A new report from the United Nations Office for Disaster Risk Reduction (UNDRR) and the World Meteorological Organization (WMO) warns that half of the countries globally are not protected by multi-hazard early warning systems.
The numbers are even worse for developing countries on the front lines of climate change. Less than half of the Least Developed Countries and only one-third of Small Island Developing States have a multi-hazard early warning system.
The report, Global Status of Multi-Hazard Early Warning Systems - Target G, analyses new data and shows that countries with limited early warning coverage have disaster mortality that is eight times higher than countries with substantial to comprehensive coverage.
“The world is failing to invest in protecting the lives and livelihoods of those on the front line. Those who have done the least to cause the climate crisis are paying the highest price” said António Guterres, Secretary-General of the United Nations, in a video message.
The Secretary General called on all countries to invest in early warning systems, “Extreme weather events will happen. But they do not need to become deadly disasters.”
Mr Guterres has asked WMO to spearhead new action to ensure that every person on Earth is protected by early warning systems in the next five years.
Early warning systems are a proven means to reduce harm to people and damage to assets ahead of impending hazards, including storms, tsunamis, droughts, and heatwaves, to name a few.
The UNDRR and WMO report provides recommendations to expand and strengthen early warning and early action to cover all vulnerable groups
Multi-hazard early warning systems address several hazards that may occur alone, simultaneously, or cascadingly. Many systems only cover one type of hazard – like floods or cyclones. As climate change causes more frequent, extreme, and unpredictable weather events, investment in early warning systems that target multiple hazards is more urgent than ever. This is because of the need to warn not only against the initial impact of disasters, but also second and third-order effects. Examples include soil liquefaction following an earthquake or a landslide, and disease outbreaks following heavy rainfall.
The report, released to mark the International Day for Disaster Risk Reduction, shows that least developed countries, small island developing states, and countries in Africa require the most investment to increase early warning coverage and adequately protect themselves against disasters.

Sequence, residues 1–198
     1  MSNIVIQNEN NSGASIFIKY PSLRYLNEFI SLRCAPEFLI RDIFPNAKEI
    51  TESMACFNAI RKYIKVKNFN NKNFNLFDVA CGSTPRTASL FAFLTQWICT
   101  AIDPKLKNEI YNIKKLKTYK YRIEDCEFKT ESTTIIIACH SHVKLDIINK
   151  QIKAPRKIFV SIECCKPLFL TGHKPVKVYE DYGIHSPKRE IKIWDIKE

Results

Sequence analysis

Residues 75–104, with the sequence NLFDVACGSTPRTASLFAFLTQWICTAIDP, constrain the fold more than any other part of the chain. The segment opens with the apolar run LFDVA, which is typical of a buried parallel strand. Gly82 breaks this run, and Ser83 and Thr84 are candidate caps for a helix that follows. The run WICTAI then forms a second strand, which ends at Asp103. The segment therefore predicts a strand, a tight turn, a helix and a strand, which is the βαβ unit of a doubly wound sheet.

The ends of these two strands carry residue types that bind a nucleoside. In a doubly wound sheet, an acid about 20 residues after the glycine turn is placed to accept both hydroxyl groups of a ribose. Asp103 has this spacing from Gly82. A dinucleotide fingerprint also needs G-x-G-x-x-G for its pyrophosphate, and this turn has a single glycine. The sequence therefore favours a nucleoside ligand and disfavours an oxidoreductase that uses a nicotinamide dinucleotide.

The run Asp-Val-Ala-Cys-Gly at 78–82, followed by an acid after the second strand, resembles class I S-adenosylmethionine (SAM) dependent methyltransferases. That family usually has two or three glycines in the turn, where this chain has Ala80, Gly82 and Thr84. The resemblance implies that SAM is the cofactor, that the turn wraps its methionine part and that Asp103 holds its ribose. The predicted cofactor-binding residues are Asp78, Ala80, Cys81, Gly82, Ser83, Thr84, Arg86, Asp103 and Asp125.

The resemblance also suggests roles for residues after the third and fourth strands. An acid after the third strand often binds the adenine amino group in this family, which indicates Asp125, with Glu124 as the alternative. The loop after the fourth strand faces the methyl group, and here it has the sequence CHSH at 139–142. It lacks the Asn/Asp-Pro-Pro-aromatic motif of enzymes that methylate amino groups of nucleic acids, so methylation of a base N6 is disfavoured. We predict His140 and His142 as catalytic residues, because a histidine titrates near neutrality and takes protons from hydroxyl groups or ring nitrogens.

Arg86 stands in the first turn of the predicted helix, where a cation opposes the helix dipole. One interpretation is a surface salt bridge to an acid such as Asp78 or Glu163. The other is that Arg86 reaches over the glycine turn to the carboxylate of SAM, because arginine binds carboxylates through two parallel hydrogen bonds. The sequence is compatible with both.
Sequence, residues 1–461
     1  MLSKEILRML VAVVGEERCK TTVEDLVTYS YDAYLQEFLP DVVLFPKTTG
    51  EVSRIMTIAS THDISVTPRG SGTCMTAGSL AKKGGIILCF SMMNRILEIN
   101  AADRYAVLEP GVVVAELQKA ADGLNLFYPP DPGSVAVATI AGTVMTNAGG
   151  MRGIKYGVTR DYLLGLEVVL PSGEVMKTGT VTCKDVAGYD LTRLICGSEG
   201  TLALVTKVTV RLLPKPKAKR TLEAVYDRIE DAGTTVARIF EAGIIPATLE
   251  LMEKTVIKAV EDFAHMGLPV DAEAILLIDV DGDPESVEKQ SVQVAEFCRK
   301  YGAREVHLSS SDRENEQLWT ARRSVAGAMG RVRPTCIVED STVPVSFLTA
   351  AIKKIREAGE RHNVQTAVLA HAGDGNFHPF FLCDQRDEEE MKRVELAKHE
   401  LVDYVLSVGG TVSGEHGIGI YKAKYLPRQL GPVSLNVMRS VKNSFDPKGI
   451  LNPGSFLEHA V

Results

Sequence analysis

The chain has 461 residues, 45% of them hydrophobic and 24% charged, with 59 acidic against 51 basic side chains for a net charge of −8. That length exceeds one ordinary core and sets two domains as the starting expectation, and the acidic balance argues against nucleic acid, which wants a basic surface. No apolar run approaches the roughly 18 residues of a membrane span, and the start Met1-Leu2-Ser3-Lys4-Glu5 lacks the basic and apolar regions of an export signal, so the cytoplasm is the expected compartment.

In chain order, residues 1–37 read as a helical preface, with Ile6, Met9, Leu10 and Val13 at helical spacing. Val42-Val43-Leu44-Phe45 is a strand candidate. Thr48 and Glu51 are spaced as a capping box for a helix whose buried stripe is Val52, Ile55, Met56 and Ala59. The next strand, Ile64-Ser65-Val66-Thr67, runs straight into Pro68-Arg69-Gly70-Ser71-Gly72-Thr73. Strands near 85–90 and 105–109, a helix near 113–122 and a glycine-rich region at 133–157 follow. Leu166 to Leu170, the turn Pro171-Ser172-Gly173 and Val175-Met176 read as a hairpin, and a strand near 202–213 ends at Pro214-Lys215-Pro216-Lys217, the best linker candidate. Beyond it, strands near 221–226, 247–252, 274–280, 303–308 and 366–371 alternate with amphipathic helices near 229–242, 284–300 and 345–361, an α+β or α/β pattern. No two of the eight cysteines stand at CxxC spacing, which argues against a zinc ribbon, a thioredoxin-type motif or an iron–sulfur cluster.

“As this report was being prepared, Pakistan is dealing with its worst recorded climate disaster, with nearly 1,700 lives lost. Despite this carnage, the death toll would have been much higher if not for early warning systems.
“Worryingly, this report highlights significant gaps in protection as only half of the countries globally have Multi-Hazard Early Warning Systems. This is a situation that needs to urgently change to save lives, livelihoods, and assets,” said Ms. Mami Mizutori, Special Representative of the UN Secretary-General for Disaster Risk Reduction and Head of UNDRR.
“The number of recorded disasters has increased by a factor of five, driven in part by human-induced climate change and more extreme weather. This trend is expected to continue. Early warning systems are a proven and effective climate adaptation measure, that save lives and money,” said Prof. Petteri Taalas, WMO Secretary-General.
“But we can and must do better. We need to ensure that early warnings reach the most vulnerable and that they are translated into early action,” adding, “This is why WMO is spearheading a UN initiative on Early Warnings for All in the next five years.”
The UNDRR and WMO report provides recommendations to expand and strengthen early warning and early action to cover all vulnerable groups.
The report recommends investment in all elements of early warning systems, but particularly in risk knowledge to better plan early warning systems and in building the capacity of at-risk communities for early action.
It also recommends investing in enhanced data and better access to technology for stronger hazard monitoring, faster communication of warnings, and better tracking of progress.
Implementation of the report’s recommendations by donors and countries would support the realization of the UN Secretary-General's call that every person on the planet be covered by an early warning system in the next five years.
These efforts would also support the achievement of Target G of the Sendai Framework for Disaster Risk Reduction 2015-2030, a global blueprint for reducing global disaster risks and losses, which calls on countries to “substantially increase the availability of and access to multihazard early warning systems and disaster risk information and assessments to people by 2030.”
Enhancing early warning and early action, especially for developing countries, is a key step to creating a world with Zero Climate Disasters. An action plan on how to increase global coverage will be presented by WMO at COP27, the 2022 United Nations Climate Change Conference, scheduled in November in Sharm El-Sheikh, Egypt.
The full report is available here.